Early this month, privacy-focused cryptocurrency platform ZenCash suffered what’s known as a 51 percent attack. Attackers absconded with hundreds of thousands of dollars’ worth of its (ZEN) coins from an exchange. But the company is not taking it lying down.

Instead, ZenCash has released a white paper it claims provides a strategy for the entire industry to prevent such attacks, which are considered to be a significant vulnerability of blockchain technology. The paper may signal a more proactive approach to combating 51 percent attacks, which some blockchain observers expect to proliferate in light of the ZenCash event and two other, recent attacks and the relatively low cost of waging such attacks.

For those unfamiliar with the arcane lingo of the crypto world, a 51 percent attack is when malicious miners take control of more than half the nodes, or half the computing power, on a blockchain network. These bad actors can’t change existing blocks of data on a blockchain, but they can disrupt the recording of new blocks. That can halt the authentication of transactions or reverse them, making it appear that these miners still possess coins they have spent, something known as double-spending.

ZenCash’s white paper advocates an adjustment to what is known as the longest chain rule, or Satoshi Consensus, named for bitcoin’s developer.

Husam Abboud, a researcher at Brazil’s FECAP University and co-founder of PDB Capital, an investment firm focused on cryptocurrency, also writes in a 2017 study that such events can generate denial-of-service attacks “against specific transactions or addresses including other miners or pools.”

Based on a complex set of calculations, Abboud noted in his paper that someone could “profitably attack a $2 billion cryptocurrency network like ethereum classic (ETC), with as little as $1.5 million.”

ZenCash Isn’t the Only Victim

Other coins that have been hit by 51 percent attacks include verge (XVG), bitcoin gold (BTG) and krypton (KR). Such attacks inspired an episode of the TV show “Silicon Valley and have raised calls to reform the industry.

ZenCash’s white paper spells out the common method for performing a double-spend attack. It also proposes an adjustment “that makes it exponentially more costly, and hence unlikely, to launch such attacks for any proof-of-work mineable cryptocurrency system.”

“Proof-of-work refers to the kind of blockchain system underlying many popular cryptocurrencies including bitcoin (BTC). In this system, miners on the blockchain compete against one another to solve complicated mathematical problems. That’s the “work.” Miners who successfully solve a problem add a new block of data to the chain and are rewarded with fresh cryptocurrency.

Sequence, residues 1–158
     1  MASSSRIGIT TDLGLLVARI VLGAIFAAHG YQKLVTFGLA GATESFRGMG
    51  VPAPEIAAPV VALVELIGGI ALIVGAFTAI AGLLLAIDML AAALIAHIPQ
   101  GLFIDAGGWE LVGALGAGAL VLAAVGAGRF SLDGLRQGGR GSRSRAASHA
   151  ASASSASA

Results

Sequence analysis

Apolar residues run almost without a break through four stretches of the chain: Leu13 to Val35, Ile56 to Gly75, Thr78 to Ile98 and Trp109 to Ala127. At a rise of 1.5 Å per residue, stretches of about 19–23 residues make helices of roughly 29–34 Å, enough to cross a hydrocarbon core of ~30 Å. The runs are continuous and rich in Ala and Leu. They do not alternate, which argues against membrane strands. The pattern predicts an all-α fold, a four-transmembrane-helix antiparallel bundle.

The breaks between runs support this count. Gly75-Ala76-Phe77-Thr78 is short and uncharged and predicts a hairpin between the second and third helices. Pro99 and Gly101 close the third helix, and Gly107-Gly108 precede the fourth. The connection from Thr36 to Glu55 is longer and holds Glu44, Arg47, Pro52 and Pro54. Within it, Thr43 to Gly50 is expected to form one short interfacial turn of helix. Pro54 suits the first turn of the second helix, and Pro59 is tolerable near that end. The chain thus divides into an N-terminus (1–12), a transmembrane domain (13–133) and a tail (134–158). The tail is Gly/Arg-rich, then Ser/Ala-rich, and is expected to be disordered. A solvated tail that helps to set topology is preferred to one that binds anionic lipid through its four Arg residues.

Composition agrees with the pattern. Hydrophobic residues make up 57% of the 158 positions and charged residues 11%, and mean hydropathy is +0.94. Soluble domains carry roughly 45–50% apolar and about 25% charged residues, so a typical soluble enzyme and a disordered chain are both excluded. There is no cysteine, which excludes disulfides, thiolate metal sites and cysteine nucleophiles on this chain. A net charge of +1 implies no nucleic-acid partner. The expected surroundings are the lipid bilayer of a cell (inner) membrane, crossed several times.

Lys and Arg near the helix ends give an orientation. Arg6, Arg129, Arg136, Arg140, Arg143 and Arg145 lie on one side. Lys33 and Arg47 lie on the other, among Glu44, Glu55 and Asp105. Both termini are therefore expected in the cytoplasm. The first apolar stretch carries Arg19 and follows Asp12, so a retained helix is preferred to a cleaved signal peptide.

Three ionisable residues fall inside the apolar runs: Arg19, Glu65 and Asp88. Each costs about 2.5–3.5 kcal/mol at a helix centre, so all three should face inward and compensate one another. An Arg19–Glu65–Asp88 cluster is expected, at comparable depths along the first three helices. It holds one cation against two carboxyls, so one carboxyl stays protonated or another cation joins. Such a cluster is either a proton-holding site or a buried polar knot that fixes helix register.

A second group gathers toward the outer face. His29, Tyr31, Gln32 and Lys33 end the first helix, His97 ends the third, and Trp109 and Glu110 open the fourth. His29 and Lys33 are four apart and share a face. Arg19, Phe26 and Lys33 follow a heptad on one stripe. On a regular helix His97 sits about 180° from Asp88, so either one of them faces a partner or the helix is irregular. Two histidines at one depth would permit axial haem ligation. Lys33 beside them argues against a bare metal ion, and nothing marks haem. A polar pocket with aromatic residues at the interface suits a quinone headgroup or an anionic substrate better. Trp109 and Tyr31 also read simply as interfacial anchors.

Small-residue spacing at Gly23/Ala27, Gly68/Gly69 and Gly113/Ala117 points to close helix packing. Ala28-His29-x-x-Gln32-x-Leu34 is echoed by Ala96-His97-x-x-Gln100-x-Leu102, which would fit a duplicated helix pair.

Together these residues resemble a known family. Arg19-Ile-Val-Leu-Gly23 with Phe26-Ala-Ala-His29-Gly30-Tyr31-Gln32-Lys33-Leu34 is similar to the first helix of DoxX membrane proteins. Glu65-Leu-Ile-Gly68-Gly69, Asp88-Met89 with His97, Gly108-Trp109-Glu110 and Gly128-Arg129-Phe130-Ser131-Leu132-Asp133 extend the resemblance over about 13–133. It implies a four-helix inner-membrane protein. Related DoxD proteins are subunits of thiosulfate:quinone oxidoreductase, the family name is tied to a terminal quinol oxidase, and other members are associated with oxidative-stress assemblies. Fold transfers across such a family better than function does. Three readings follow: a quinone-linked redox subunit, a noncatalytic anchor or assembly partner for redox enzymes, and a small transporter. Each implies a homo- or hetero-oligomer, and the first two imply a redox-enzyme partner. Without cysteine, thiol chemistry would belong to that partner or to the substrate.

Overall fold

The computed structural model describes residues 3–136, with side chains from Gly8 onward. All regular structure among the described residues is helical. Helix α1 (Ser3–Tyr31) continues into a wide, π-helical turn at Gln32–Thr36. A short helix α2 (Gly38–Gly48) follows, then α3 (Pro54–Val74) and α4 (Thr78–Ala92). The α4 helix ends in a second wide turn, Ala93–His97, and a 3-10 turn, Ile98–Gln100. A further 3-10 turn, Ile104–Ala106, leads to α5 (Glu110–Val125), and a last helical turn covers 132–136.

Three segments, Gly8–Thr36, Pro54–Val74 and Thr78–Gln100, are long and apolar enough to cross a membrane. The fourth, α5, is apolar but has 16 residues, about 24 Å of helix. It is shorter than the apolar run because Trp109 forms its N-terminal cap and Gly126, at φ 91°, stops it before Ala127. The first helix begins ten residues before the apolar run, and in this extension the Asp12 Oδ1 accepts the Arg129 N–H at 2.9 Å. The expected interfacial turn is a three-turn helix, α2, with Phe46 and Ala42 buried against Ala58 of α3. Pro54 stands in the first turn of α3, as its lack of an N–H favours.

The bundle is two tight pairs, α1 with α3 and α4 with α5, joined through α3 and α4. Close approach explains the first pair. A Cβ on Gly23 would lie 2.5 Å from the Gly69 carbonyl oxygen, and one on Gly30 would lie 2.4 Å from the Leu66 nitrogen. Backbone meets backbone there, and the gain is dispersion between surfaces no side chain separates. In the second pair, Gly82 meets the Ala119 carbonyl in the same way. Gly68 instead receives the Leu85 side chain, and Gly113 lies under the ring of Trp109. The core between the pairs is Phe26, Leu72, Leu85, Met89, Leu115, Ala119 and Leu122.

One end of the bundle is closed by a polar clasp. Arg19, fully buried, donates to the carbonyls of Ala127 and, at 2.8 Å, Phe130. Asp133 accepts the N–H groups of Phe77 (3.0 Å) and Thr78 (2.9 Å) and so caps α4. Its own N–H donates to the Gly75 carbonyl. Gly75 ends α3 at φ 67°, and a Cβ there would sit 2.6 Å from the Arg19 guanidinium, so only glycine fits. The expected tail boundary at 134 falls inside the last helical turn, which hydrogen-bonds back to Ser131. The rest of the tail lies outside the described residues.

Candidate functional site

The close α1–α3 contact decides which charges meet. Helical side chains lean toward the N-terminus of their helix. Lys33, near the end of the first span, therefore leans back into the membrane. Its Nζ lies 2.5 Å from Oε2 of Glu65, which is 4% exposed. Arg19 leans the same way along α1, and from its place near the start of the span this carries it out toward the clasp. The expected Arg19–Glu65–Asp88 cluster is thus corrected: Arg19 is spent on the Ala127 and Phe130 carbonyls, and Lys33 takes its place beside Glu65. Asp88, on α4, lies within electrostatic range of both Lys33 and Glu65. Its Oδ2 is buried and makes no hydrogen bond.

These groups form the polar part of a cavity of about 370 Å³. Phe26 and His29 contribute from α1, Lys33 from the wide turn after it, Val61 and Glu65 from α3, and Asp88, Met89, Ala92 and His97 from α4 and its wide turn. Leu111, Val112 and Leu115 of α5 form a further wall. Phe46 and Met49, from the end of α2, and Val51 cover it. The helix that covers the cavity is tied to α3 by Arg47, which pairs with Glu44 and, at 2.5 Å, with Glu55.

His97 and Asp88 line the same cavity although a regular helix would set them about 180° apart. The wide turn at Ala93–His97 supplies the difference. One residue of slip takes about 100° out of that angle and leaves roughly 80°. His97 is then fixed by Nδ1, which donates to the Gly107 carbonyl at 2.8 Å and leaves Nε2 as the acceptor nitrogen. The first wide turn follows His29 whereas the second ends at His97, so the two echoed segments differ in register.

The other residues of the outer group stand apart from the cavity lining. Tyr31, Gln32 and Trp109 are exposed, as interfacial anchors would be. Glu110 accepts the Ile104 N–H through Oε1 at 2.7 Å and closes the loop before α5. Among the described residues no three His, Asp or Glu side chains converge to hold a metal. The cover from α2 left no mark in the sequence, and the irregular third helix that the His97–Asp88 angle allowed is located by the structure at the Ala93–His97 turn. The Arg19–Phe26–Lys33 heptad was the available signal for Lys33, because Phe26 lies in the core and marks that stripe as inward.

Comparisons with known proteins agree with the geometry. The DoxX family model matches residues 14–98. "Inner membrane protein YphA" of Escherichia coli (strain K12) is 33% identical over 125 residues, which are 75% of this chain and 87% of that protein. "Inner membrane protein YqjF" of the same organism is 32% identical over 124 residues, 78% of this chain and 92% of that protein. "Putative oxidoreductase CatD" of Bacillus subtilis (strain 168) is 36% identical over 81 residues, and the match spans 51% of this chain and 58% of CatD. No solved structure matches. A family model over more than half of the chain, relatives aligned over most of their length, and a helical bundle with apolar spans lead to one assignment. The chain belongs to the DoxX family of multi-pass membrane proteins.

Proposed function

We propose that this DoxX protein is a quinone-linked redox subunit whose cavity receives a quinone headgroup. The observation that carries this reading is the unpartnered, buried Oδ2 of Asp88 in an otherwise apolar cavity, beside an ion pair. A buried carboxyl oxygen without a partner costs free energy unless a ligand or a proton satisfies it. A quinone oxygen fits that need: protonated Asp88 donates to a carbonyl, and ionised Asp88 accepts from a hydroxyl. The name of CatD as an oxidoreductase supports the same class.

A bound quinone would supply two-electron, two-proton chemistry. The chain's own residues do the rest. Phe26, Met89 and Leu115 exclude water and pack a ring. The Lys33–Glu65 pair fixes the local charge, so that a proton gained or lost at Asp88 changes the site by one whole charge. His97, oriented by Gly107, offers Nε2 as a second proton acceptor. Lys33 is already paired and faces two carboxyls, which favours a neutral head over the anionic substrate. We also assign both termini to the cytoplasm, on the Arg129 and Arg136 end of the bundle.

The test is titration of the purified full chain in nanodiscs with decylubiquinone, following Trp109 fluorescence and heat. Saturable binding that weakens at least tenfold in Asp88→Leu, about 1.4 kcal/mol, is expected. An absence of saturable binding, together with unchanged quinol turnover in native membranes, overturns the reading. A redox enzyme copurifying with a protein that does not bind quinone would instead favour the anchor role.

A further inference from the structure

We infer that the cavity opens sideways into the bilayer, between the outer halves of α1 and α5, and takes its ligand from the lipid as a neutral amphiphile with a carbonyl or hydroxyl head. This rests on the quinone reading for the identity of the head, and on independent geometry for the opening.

ZenCash’s white paper advocates an adjustment to what is known as the longest chain rule, or Satoshi Consensus (for Satoshi Nakamoto, the name used by bitcoin’s still-unknown developer). As The CPA Journal notes, this rule means that when a blockchain is refreshing, blocks that don’t receive sufficient confirmations to be considered valid drop from the chain. Only the longest chain is left.

Old Rules No Longer Apply

“The longest chain rule, or Satoshi Consensus, worked well in the relatively decentralized environment in which it was introduced in 2009,” ZenCash’s white paper says. “Mining resources have since concentrated and dropped in cost for lease, such that the original dominant strategy of playing by the rules no longer holds for all proof-of-work (PoW) blockchains that rely on the longest chain rule.”

ZenCash’s white paper suggests introducing a penalty in the form of a “block acceptance” delay related to the amount of time that a block has been hidden from the public network. This would be measured in block intervals, not temporally.

The company says this would complicate a 51 percent attack because it would require the attackers to have significantly more resources. It would also give honest miners and a cryptocurrency’s developer an additional opportunity to react before a double-spend is finalized.

Ross Snel and James Rubin contributed to this report.
Dan Butcher
Dan Butcher is a New York-based financial writer and editor who has worked at the FT's Ignites and FundFire, SourceMedia's Financial Planning, Crain's InvestmentNews and eFinancialCareers. He got his B.A. at the University of Colorado at Boulder and his M.A. at New York University.